It really starts as you are approaching the green.

Reading greens can be tough. It really starts as you are approaching the green. Try and get a feel for what the terrain is doing. Get a feel for the general slope of the green.

The old school way I was taught was to imagine you are dumping out a bucket of water. If you did so, where would the water run to. One of the things Aim point does is have you straddle the target line and try and feel the variance of the terrain in your feet.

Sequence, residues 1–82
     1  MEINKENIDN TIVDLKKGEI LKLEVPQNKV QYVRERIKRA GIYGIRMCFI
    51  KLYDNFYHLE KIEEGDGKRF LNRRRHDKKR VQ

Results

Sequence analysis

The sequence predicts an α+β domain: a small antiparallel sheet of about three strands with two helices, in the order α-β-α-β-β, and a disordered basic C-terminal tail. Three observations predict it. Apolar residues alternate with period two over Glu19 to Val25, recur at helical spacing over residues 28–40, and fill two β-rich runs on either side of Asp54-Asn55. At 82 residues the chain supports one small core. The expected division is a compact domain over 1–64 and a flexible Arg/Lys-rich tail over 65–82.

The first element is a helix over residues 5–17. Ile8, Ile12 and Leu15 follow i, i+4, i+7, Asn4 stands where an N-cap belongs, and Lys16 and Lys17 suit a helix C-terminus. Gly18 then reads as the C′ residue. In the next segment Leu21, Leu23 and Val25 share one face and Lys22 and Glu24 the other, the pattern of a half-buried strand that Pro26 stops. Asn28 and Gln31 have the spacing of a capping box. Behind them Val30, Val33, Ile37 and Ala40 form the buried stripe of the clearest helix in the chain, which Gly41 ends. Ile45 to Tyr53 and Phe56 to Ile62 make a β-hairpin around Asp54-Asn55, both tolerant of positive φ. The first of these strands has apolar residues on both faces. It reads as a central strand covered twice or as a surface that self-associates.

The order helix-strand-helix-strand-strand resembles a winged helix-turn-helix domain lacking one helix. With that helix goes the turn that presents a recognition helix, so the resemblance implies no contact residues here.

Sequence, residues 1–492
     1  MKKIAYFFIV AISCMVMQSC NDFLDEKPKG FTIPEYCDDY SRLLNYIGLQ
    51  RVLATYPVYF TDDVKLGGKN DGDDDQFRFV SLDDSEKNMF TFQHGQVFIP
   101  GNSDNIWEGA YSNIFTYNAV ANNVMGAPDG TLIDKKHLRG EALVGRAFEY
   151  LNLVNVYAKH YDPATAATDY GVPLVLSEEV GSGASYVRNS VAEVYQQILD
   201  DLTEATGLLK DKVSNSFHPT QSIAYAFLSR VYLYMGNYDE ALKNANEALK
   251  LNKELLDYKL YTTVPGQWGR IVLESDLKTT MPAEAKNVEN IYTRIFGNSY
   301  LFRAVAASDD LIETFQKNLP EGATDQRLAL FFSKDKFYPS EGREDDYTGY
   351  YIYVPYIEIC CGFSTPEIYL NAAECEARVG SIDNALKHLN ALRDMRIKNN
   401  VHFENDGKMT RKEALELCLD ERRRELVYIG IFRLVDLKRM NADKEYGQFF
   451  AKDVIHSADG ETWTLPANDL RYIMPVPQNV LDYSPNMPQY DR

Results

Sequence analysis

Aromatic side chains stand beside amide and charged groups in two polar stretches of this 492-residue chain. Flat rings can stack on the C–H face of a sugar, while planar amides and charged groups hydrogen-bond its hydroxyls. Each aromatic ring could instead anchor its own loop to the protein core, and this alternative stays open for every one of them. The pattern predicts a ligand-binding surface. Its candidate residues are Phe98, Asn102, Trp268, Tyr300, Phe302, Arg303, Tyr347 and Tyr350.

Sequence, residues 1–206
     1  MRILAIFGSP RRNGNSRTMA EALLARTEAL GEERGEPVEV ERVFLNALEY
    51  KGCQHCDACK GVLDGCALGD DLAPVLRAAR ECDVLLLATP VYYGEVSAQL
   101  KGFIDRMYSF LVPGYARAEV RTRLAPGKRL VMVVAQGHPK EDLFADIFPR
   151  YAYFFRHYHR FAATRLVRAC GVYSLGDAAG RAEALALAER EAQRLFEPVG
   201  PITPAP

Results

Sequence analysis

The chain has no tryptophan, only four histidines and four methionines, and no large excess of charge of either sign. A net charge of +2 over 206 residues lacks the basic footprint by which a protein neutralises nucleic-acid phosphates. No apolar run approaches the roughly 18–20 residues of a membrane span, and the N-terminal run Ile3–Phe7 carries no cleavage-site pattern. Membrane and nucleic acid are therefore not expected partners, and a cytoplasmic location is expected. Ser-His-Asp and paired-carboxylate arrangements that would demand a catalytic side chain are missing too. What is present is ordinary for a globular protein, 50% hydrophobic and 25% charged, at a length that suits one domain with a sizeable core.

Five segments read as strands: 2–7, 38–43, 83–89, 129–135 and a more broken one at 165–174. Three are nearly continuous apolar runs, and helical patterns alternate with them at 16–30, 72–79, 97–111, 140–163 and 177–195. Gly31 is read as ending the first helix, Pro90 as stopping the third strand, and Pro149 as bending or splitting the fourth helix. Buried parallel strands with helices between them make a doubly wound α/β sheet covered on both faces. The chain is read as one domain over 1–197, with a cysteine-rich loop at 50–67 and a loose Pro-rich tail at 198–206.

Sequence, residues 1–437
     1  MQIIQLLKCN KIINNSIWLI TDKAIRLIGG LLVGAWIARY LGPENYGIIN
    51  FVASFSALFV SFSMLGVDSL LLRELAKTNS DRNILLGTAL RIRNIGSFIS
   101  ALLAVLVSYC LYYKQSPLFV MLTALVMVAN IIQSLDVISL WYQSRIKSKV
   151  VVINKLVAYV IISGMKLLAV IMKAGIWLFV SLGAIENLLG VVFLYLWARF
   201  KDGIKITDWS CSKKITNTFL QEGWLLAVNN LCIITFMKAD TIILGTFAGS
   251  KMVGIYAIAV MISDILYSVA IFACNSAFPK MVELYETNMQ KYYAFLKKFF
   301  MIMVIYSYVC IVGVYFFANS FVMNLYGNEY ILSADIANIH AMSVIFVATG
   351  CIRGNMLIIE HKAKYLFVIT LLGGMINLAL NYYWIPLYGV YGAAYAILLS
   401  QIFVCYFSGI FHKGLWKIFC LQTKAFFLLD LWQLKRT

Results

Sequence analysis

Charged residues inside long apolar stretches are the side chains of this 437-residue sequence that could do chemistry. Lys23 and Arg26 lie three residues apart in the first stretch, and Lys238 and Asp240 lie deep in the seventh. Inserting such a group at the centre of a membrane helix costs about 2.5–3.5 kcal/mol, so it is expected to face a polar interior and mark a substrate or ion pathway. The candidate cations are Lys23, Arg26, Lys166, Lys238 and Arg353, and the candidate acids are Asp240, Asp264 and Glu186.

One of the things I like to do is to try and find the apex of the break, then feel like you are putting to the apex.

As far as speed goes, you really need to confirm if you are putting uphill or downhill, obviously it makes a big difference. Also, spend some time on the putting green prior to playing. Most practice greens are similar in speed to what is out on the course. I went to a Teaching seminar a few years ago and they really made an emphasis on what distances to practice from. Statistical data shows we should practice our long putts, 30 to 40 feet and our short putts, 3 to 5 feet. These are the most common areas that golfer putt from.